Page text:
Bishop Michael Campbell of Lancaster has issued a Pastoral Letter which has attracted some attention. It is principally about evangelisation and how the Church is to go about it in changing circumstances. He challenges his people to think about evangelising their lapsed family, friends and neighbours.
All of us know someone - a friend, family member, classmate, work colleague or neighbour - who used to be a practising Catholic, but isn't any more. For some who initially heard the incredible proclamation of Christ alive in the Church, the message has become stale. The promises of the Gospel seem empty or unconnected to their busy lives today. So, what is our response? Surely our love and concern for them means that they should be the primary object of our missionary or evangelising efforts, our energy and resources. The Church only exists to evangelise that means buildings, churches, parishes, schools and colleges are only valuable insofar as they help the Church in that mission of salvation!!Evangelisation out in the world is surely one of the tasks that the Second Vatican Council reminded us was among the pre-eminent works that the laity are called to (as opposed to taking over the priest's sacramental jobs on the sanctuary!) The Bishop also questions the way our Catholic schools have, for the most part, developed:
Is it right or sustainable to expect our Mass-going population of 21,000 to support our schools and colleges in which often the majority of pupils, and sometimes teachers, are not practising Catholics? Is it time for us to admit that we can no longer maintain schools that are Catholic in name only?"Schools that are Catholic in name only." Finally, a bishop who has had the courage to say it. What is the point of us maintaining schools that have the name "Catholic" on the sign outside (or more likely the reduced epithet "R.C.") while inside few of the teachers are Catholic and ninety per cent plus of the children and their families do not practice the Faith in any meaningful way. This situation could be seen as an opportunity to evangelise and call these lapsed children and their families back to the Faith but anyone who attempts to use our school system for this purpose immediately has the rug pulled out from under their feet.
1. Catholic Schools have been forced or have bought into the prevailing secular culture and management of schools and so there is no time and no ability to push a truly Catholic agenda (we cannot decide to only employ practising Catholics as teachers, for example, and the health and safety implications of allowing children to cross the road to serve Mass are momentous, not to mention that it clashes with the numeracy or literacy hour).Whatever has happened to our Catholic Schools in recent decades, the fact is they are no longer doing what they are meant to do - teach the Catholic Faith along with giving an all-round education. Watered down elements of the Christian faith may be taught in our schools but the fullness of the Catholic Faith is not lived in our schools. How could it be and why should it be by people who may not be Catholics at all? How could it be by teachers who are lapsed? A truly Catholic ethos must surely mean so much more than vaguely "helping others" by CAFOD events in Lent and joining in Red Nose Day.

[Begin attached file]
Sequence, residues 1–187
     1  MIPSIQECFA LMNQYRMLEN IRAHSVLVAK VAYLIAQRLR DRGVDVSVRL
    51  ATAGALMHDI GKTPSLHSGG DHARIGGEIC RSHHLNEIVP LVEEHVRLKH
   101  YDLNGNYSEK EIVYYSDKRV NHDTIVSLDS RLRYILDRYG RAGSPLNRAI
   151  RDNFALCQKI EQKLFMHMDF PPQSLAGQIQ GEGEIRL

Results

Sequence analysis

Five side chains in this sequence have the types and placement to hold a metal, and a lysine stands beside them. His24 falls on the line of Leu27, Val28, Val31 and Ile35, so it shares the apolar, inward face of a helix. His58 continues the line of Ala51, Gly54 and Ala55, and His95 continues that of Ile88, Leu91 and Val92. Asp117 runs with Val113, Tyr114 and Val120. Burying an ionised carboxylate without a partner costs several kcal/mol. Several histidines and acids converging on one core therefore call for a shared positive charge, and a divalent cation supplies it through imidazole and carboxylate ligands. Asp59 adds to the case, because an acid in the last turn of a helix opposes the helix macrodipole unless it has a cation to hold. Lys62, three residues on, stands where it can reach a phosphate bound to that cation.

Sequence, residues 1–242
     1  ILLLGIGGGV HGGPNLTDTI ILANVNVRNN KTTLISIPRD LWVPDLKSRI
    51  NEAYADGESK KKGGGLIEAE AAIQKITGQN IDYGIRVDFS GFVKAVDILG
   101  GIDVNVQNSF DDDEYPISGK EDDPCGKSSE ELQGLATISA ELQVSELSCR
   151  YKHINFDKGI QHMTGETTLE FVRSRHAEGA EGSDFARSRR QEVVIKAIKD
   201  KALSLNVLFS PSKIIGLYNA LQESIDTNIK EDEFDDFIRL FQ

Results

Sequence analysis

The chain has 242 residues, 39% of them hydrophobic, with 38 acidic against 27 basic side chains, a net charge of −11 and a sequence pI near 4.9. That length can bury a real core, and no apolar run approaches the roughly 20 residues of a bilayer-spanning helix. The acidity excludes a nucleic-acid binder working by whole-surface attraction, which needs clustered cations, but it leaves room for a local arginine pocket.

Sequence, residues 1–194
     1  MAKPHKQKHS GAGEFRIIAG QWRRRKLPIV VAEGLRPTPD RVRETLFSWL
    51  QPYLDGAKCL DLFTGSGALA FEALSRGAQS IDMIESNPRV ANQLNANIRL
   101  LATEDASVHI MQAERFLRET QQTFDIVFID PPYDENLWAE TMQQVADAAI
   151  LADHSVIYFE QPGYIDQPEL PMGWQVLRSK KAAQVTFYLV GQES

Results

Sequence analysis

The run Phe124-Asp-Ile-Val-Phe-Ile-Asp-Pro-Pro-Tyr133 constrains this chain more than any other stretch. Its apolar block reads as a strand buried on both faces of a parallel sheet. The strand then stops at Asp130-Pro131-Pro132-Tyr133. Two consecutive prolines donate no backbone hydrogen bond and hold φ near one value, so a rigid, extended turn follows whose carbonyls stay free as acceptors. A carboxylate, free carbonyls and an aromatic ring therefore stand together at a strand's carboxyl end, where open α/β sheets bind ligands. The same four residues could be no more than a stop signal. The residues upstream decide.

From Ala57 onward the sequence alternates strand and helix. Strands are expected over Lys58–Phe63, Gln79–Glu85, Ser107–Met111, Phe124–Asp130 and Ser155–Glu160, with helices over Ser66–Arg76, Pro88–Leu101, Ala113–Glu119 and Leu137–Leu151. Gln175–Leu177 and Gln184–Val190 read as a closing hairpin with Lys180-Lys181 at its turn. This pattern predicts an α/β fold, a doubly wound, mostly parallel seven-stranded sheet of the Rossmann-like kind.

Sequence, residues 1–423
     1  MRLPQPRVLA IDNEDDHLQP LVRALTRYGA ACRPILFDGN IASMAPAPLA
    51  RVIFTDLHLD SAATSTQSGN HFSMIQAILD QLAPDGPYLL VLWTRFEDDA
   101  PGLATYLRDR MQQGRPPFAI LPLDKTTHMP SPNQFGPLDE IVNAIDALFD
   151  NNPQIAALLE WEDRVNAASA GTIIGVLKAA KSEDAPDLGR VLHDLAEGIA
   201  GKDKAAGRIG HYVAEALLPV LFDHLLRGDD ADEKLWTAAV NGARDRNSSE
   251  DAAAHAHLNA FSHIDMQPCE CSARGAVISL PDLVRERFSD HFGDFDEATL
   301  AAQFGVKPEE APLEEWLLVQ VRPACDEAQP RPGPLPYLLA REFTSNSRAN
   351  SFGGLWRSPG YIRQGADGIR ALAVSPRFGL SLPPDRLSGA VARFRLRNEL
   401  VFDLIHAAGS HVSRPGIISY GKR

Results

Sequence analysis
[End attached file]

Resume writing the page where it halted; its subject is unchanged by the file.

2. Most diocesan education structures do not envisage this or they even work against it. I've been told in the past that it is simply not acceptable to ask children in school if they were at Mass with their families on Sunday. I've been told that the school has an equal opportunities policy and therefore I may not recruit altar servers and only ask for boys - even though this contravenes the teaching of the Church on this matter (I wonder how I can, therefore, talk about vocation to the Priesthood in school, as only boys could apply - or nuns for Religious Life, as only girls could apply!) All this apart from the actual religious education programes that are for the most part not fit for purpose.
To the rest of the world - and no doubt to Rome on ad limina visits - the paper fact of so many Catholic schools with so many children in them looks fantastic. The reality, as Bishop Campbell points out, is rather different. Perhaps the time has come to abandon the pretense and start again by spending the money we now spend on schools on far fewer schools for those who actually are Catholic who practise their Faith and on catechetical programmes in parishes for children. In a sense, going back to how many of our schools started - for example in my own parish here when nuns bought a large house and started classes in it back in the 1940's.
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